Harness the power of lighting to improve your customer’s experience
Lighting directly influences your customers’ experience. And, of course, lighting within hotels varies dramatically from lighting within office environments, retail stores and other locations. Moreover, the lighting for the different parts of a hotel varies from area to area. This is obviously similar to our previous blogs which have concentrated on how commercial furniture differs from location to location as do the colour schemes used to zone your hotel.
Understanding the benefits of using appropriate lighting in your hotel enables you to make an informed decision regarding the implementation, placement
Remember, as soon as a customer walks through the entrance to your hotel, their experience has begun. And lighting is acombination of both science and art. And, it’s not easy to get it right… You have to take into consideration both artificial and natural light because they really do have such an impact on your
The hotel exterior
A customer doesn’t even need to step into your hotel before they begin experiencing your brand. And this is why the exterior of your hotel is as important as your interior. It needs to uphold your brand and style. The lighting effect should complement and highlight the architectural design. And, of course, there’s the health and safety element which needs to be taken into account on the exterior of any hotel, including sufficiently lit walkways, staircases
The very place to create the ‘wow’ factor. The mixture of natural and electric lighting here is key and you will want to create an inviting and welcoming space for guests to check in. As highlighted in a previous blog however, you don’t want guests hanging around in this space for too long. They should be moving relatively quickly to their rooms, the restaurant/bar or outside areas.
Lighting within your restaurant will very much depend on the design of this area. The main aim of any restaurant is to highlight the table and whilst adding designed lighting to ensure the area is aesthetically pleasing. But, make lighting a focus and central to your design and apply different layers of light. You need to consider ambient lighting which provides the general level of lighting. Also, task lighting located close to the till or serving area. Also, accent lighting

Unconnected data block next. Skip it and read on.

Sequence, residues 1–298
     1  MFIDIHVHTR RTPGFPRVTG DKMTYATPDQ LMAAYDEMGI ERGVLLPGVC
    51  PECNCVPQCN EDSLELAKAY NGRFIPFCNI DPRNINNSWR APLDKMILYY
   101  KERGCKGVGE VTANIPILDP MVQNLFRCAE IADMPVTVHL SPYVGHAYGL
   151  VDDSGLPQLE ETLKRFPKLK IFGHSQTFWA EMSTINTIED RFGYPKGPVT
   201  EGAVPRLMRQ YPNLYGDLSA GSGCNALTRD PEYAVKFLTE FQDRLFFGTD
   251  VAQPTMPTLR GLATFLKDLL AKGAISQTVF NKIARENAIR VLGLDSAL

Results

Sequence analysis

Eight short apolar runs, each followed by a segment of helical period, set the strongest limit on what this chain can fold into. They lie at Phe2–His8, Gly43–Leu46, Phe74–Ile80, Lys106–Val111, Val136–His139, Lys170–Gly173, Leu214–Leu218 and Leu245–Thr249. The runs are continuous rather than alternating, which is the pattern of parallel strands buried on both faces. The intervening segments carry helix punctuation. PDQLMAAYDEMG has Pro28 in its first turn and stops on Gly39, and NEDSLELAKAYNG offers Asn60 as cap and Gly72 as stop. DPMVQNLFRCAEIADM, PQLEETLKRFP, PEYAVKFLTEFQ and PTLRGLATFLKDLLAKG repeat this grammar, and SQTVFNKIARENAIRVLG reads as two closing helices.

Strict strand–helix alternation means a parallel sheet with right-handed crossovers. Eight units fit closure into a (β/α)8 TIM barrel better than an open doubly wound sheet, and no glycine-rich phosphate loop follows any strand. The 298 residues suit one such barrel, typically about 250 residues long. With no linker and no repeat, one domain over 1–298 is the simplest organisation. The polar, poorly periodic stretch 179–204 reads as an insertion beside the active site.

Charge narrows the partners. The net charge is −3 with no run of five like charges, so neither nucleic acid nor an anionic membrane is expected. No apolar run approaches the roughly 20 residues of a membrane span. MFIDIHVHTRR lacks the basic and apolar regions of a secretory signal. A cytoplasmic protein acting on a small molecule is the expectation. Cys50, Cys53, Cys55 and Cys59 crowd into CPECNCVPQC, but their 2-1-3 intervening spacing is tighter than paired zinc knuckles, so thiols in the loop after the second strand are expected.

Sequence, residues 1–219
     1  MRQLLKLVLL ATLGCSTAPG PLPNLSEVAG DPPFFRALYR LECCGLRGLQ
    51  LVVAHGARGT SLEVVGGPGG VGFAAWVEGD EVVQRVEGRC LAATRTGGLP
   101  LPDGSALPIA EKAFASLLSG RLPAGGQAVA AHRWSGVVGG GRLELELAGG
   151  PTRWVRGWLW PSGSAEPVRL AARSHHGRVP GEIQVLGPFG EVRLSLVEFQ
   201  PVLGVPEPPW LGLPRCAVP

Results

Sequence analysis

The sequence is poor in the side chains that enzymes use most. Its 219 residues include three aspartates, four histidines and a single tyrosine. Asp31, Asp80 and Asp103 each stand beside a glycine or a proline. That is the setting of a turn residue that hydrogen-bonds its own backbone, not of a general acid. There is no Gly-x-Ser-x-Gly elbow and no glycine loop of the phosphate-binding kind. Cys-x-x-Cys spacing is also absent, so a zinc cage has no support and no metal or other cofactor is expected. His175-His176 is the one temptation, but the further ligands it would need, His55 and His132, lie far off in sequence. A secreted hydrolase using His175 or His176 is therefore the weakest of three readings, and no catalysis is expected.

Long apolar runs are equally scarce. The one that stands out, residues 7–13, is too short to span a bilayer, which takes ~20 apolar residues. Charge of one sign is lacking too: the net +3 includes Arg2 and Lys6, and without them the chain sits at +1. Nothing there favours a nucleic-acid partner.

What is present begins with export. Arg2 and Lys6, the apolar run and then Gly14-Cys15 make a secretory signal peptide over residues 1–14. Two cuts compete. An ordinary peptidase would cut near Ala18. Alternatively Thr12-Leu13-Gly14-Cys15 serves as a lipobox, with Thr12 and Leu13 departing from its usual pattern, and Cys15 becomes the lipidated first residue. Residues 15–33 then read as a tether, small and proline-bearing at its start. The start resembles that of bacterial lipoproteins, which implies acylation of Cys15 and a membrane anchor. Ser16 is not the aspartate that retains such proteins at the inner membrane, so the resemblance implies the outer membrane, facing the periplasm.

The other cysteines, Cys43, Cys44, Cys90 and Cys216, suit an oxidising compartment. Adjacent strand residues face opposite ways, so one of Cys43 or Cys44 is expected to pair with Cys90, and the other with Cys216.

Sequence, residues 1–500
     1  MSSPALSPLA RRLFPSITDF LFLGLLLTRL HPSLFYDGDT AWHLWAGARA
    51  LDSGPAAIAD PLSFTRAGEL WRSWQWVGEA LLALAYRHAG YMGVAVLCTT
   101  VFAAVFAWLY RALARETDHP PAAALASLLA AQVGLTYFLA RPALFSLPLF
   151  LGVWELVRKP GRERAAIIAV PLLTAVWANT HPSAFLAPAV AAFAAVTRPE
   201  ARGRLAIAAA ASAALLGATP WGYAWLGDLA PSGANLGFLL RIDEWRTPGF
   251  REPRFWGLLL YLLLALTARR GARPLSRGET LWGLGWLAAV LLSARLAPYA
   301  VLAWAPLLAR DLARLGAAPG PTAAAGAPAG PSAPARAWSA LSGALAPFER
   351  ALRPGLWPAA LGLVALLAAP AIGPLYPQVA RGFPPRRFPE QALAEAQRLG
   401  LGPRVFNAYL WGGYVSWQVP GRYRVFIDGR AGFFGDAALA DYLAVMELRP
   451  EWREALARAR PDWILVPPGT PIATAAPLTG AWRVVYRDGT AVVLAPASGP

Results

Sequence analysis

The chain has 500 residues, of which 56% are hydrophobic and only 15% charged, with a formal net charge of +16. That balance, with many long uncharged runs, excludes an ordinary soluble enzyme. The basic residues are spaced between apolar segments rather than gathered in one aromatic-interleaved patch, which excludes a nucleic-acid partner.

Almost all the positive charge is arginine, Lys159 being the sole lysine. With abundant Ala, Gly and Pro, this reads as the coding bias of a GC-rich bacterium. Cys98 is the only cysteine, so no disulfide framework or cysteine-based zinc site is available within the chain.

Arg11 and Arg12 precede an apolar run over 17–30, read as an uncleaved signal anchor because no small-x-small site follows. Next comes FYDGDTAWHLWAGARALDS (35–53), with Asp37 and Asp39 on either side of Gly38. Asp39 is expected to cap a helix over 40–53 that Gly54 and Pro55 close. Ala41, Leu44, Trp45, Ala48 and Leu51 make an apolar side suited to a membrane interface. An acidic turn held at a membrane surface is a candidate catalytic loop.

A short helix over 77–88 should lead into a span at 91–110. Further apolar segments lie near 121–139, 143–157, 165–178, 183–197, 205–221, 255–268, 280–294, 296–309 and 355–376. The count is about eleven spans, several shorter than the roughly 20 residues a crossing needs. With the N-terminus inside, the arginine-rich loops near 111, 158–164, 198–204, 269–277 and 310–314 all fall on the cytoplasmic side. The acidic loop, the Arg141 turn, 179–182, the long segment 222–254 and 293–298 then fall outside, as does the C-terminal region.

The bedroom is the place guests need to
Ensure there’s a good light near a full-length mirror and the dressing area – a lit mirror will also work. Many hotel bedrooms feature a desk, and this should be lit by its own lamp.
Hotels can provide the setting for diverse events, from business meetings to weddings. As people are unlikely to want to celebrate the best day of their
Corridors are often overlooked when it comes to lighting design. As they form an important part of the journey from the foyer to the rooms, they should link the different areas of the hotel in a way that reflects the atmosphere experienced elsewhere. Whilst sufficient lighting is required to aid orientation, there shouldn’t be great differences in the temperature of lighting as you pass through different spaces.
Smart lighting and sustainability
As we’ve noted in a previous blog, smart technology is very much coming into its own in the hospitality industry and lighting is no different. In the morning for example, cool lighting might be used during breakfast, whilst in the evening warmer lighting can create a cosy atmosphere. Other areas such as the bar might need to be zoned out using lighting contrasts when not in use.
Smart technology is extremely apparent within office environments and you’ll often find sensors are used heavily so if one section of an office is not being used, lights will remain off and as soon as movement is recognised, the lights will go on, saving a huge amount of energy and this is becoming more and more apparent within the hospitality industry as well.
Make sure your lighting doesn’t cast a shadow over your ratings. More often than not, customers complain either in person or online specifically about lighting, saying its dim or bad etc. When lighting is done well within a venue it generally actually goes unnoticed! It shouldn’t be left in the hands of electrical engineers but a designer or architect. And, you must ensure that it works in conjunction with your commercial furniture and your décor/colour scheme. And, as simple as it sounds, make sure that your lighting systems are entirely intuitive for your guests – usability is key!